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is printed among the works of Hugh of St. Victor in Migne's 'Patrologia,' clxxvii.

  1. 'Commcntariua in Aristotelis libros duo Analyticorum Posteriorum,' MS. Magd. Coll. Oxford, 162, f. 183.
  2. 'Merlini prophetia cum Expositione,' printed in 'Spicilegium Vaticanum,' pp. 92-106, by Carl Greith, Frauenfeld, 1838. It is a translation into Latin hexameters made at the request of Robert of Warelwast, bishop of Exeter, who died in 1160. The notes contain Rome Celtic words and references to Cornwall, John is also credited with 'Disceptationes quædam,' 'Epistolæ,' and 'Commentarii Scripturarum,' of which nothing is known. The 'Apologia' in reply to Peter Lombard, mentioned by Leland, if it was distinct from the 'Eulogium,' has apparently disappeared.

[Bale, ill. 6; Pits. p. 236; Tanner's Bibl. Brit. Hib. p. 432; Oudin's Script. Eccl. ii. 1123-4, 1529-31; Hist. Litt. de la France, xiv. 194-9; Wright's Biog. Brit. Lit. Anglo-Norman. pp. 215-17; Nouvelle Biographie Genéral, xxvi. 544, art. by M. Hauréau; Bibliotheca Cornubiensis, i. 276.]

C. L. K.

JOHN (d. 1180), called of Salisbury, and in official documents 'Iohannes de Saresberia' (epist. lvii. p. 61, cccxxiii. p. 291), bishop of Chartres, seems to have borne the surname of Parvus, perhaps 'Little' or 'Short'—'parvum nomine, facultate minorem, minimum merito,' as be describes himself (epist. ccii. p. 37). He was born at or near Salisbury (Polier, viii. 19), that is Old Sarum, probably between 1115 and 1120. The date commonly given (1110) is a mere inference from that of his death, on the assumption that he died at seventy years of age; whereas he himself says that he was 'adolescens admodum' at the time when he began to study at Paris in 1136 (Metalog. ii. 10). It has been inferred from a passage in one of John's epistles (xc. p. 135) that his father's name was Reinfred (Miss Norgate, i. 480), but the text is ambiguous.

Of John's early life there is no record beyond a single notice in the 'Policraticus' (ii. 28, pp. 155 f.), which mentions that he was sent to a priest to learn his psalms, that the priest employed him as an instrument in certain magical experiments, and that the boy with characteristic common sense proved useless for the purpose. From the date of his journey to Paris, however. John has left us with the 'Metalogicus' (l.c.) a full narrative of his student's years, which is of exceptional value for the intellectual history of the time.

Upon his arrival in Paris he first attended the lectures of the great Peter Abailard. After a year, however, the master withdrew for a time, and John passed from a school of nominalism, tempered and qualifled by not a few elements drawn from the doctrine of its opponents (cf. Poole, Illustr. pp. 140 ff.), to one of uubending realism under the guidance of Alberic of Rheims, distinguished as Alberic de Porta Veneris (epist. cxliii. p, 206, cf. Poole, p, 203, n. 4), and of Robert of Melun, an Englishman, who afterwards won renown as a theologian, and was raised to the bishopric of Hereford. This course of dialectical learning occupied John for two years (1136-8), at the end of which he set himself to the study of grammar, and was the disciple of William of Conches, best known to us as a natural philosopher, for three years more. The place not being named, it was always assumed that William lectured at Paris, until Dr. Schaarschmidt pointed out that other passages in the 'Metalogicus' prove beyond question that the school to which John resorted, and at which William of Conches and the other masters whom he mentions in the sequel taught, was the cathedral school of Chartres, of which he elsewhere (Metalog. i. 24) gives a very full description. M. llaur£au, who formerly considered that the place must be Paris, has at length yielded in favour of Chartres (Comptesrendus de l' Académie des Inscriptions, 3rd. Ser. i. 81, 1873).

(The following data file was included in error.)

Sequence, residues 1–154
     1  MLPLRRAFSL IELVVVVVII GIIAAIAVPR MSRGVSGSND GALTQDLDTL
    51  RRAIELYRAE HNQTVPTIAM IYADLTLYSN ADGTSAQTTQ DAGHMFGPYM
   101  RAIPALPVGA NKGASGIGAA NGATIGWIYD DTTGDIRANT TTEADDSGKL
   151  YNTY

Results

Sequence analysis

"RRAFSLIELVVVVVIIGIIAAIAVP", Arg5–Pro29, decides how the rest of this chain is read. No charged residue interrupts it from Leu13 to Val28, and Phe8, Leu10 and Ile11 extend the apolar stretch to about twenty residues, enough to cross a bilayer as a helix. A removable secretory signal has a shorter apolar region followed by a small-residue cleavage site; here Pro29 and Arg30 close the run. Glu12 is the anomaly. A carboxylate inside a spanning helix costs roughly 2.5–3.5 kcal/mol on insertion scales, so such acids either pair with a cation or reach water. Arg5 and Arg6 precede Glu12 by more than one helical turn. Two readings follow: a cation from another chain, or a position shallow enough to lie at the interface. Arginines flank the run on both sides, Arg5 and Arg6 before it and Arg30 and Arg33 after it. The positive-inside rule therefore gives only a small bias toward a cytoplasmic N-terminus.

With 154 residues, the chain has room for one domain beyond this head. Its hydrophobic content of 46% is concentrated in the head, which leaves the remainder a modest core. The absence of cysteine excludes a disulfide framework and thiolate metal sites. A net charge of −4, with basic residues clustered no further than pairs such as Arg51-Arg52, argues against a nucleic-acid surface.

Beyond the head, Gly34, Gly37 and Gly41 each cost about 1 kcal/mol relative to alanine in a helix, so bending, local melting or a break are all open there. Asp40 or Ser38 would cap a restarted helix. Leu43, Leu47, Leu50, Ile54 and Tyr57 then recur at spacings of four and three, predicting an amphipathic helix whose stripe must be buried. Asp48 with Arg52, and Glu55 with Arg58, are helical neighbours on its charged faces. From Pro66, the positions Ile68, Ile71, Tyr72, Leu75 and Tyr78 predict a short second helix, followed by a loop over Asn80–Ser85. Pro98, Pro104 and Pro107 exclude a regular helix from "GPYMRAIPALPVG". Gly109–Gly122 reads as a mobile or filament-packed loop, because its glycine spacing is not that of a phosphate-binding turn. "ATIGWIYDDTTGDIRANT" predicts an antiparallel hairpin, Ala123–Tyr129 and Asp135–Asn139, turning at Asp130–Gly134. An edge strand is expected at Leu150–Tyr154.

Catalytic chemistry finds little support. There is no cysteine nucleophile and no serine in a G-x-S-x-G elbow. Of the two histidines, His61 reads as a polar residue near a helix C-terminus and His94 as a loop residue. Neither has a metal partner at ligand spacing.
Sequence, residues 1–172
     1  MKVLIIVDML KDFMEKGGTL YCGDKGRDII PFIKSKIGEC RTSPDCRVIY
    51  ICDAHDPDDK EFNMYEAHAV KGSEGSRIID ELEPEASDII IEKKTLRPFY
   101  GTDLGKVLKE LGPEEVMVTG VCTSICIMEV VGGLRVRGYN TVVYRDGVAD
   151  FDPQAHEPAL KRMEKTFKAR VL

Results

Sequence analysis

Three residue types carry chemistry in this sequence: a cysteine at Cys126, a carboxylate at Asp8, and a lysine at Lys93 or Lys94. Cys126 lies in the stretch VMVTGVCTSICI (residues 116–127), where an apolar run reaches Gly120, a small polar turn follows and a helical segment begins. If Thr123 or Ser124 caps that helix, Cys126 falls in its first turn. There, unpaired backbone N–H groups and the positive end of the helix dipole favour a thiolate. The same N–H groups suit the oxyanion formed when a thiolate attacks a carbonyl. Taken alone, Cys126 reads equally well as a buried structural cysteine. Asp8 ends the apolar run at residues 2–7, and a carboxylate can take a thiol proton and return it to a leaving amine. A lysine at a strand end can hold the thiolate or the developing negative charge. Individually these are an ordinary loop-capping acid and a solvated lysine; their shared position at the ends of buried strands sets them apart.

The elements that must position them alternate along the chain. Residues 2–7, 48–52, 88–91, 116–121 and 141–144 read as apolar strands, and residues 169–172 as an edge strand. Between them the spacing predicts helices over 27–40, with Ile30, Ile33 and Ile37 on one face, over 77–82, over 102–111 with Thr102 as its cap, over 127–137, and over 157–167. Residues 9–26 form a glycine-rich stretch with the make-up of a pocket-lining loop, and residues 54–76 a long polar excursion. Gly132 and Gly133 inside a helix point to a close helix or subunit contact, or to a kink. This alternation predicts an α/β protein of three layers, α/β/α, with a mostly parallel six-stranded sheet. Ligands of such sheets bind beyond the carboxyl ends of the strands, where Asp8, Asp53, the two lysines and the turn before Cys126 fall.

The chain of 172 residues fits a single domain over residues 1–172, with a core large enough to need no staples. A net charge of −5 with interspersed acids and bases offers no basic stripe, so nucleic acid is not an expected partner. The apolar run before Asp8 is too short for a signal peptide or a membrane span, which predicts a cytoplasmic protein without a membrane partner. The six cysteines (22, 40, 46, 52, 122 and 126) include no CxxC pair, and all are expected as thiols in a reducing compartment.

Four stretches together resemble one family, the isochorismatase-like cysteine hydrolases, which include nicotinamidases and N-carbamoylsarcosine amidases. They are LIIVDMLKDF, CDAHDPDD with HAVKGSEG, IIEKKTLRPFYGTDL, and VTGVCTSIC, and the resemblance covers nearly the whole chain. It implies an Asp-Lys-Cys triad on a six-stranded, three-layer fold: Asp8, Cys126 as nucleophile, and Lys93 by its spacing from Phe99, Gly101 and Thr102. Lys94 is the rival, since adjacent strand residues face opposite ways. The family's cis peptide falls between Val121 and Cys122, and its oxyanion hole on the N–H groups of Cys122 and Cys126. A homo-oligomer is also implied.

At Chartres then John of Salisbury pursued bis grammatical studies under William of Conches, and afterwards under Richard l'Évêque, subsequently bishop of Avranches; and it was there that he laid the foundations of that classical learning in which he was unapproached by any man of his age. The literary distinction of the school had been established by the former chancellor of the church, Bernard Silvestris (afterwards, if a highly probable identification is to be accepted, bishop of Quimper), and it was maintained under his presiding influence when he was succeeded in the active work of teaching by William and Richard, Theoderic (Bernard's brother), Hardwin the German, and Peter Helias, all of whom were John's teachers. During these years John had been compelled by the straitness of his means to take pupils at the same time that he was himself a learner; and it is likely that for a portion of the three years named he withdrew to Provins in the county of Champagne, and there studied and taught in company with his lifelong friend, Peter of La Celle (epist. lxxxii. p. 114), possibly supported in part by the liberality of Count Theobald (epist. cxliii. p. 206; cf. Schaarschmidt, p. 23, Demimuid, pp, 26 f.) Afterwards, presumably in 1140 or early in 1141, he returned to Paris, doubtless because of the greater advantages which that city offered to the teacher; but while he taught he entered upon